Like his former band mates in The Coral, Bill speaks affectionately about his Wirral roots and upbringing and the influence of its geography and sense of place on the edge of things on his song writing. Place names frequently crop up in his lyrics and Two To Birkenhead remains one of his best-loved songs.

"It is important to me," he said, adding how helpful the ongoing support of his mum and dad, who both still live in Wirral has been. "I think it would be very strange for me to write a song about myself and set it somewhere where I'm not. 

"I love coming back here. Sometimes you can go a little stir crazy because I don't leave West Kirby often unless it's for work. You can end up staying here for months on end and you do go a bit nutty - I think the staff at The White Lion get a bit sick of me. 

"I don't have any real desire to get the keys for the borough or anything but if I ever move - which is probable - I would still write about West Kirby but just in a different way and I'd write about wherever I moved to as well. 

"With The Coral we all felt like outsiders by simply not being from Liverpool - I was 16 going over to town and playing gigs and all the other musicians were Liverpudlian so you're always going to feel slightly on the outside and as a result I think we embraced this little place. James (Skelly, frontman of The Coral) was very instrumental in that.

"A lot of childhoods and teens were spent near various bits of water, listening to music and talking about music and when you've had something so powerful, so young, it stays in the blood."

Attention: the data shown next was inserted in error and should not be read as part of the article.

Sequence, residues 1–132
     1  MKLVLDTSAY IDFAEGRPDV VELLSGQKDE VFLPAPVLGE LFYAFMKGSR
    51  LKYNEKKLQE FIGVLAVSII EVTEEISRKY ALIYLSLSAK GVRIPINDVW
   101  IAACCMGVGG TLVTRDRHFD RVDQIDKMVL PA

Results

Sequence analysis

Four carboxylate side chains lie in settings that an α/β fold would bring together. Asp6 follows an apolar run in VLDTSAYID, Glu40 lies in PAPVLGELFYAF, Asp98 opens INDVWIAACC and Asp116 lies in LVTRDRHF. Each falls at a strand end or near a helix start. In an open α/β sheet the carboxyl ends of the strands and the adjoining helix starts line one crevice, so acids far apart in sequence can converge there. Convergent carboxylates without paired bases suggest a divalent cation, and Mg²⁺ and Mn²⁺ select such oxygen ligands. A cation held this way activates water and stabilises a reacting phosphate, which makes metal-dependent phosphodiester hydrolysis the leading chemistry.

Wirral Globe: Bill Ryder-JonesBill Ryder-Jones (Image: Marieke Macklon)

Given his previous issues with the rock n roll lifestyle of touring his forthcoming dates across the country (including Liverpool's Content on March 21) could be cause for concern but not any more according to Bill.

"I'm not daunted by it," he said. "I've spent the last couple of years working on the things that used to worry me about touring. I've really got my drinking under control as well as the diazepam dependency that had really come through lockdown and as a result of having panic attacks when on stage. 

"Through the 'world tour' of West Kirby we did and a few little shows I've managed to get myself back into a place where I'm not completely overwhelmed by a gig or a performance. I'm not quite there with a whole tour though and it's very much something I'm having to think about week to week.